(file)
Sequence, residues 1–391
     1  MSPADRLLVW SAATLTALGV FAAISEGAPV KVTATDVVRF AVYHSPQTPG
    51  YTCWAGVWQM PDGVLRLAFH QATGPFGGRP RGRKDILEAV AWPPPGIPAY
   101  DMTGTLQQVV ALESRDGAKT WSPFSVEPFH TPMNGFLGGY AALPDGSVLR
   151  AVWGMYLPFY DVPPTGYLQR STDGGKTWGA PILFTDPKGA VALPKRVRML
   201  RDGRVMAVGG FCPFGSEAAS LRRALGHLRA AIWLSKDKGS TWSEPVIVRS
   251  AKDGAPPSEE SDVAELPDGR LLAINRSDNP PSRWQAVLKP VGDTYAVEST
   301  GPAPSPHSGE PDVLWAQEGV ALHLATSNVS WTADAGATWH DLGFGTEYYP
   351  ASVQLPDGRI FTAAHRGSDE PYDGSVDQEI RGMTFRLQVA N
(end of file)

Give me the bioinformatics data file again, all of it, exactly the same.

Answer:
Sequence, residues 1–391
     1  MSPADRLLVW SAATLTALGV FAAISEGAPV KVTATDVVRF AVYHSPQTPG
    51  YTCWAGVWQM PDGVLRLAFH QATGPFGGRP RGRKDILEAV AWPPPGIPAY
   101  DMTGTLQQVV ALESRDGAKT WSPFSVEPFH TPMNGFLGGY AALPDGSVLR
   151  AVWGMYLPFY DVPPTGYLQR STDGGKTWGA PILFTDPKGA VALPKRVRML
   201  RDGRVMAVGG FCPFGSEAAS LRRALGHLRA AIWLSKDKGS TWSEPVIVRS
   251  AKDGAPPSEE SDVAELPDGR LLAINRSDNP PSRWQAVLKP VGDTYAVEST
   301  GPAPSPHSGE PDVLWAQEGV ALHLATSNVS WTADAGATWH DLGFGTEYYP
   351  ASVQLPDGRI FTAAHRGSDE PYDGSVDQEI RGMTFRLQVA N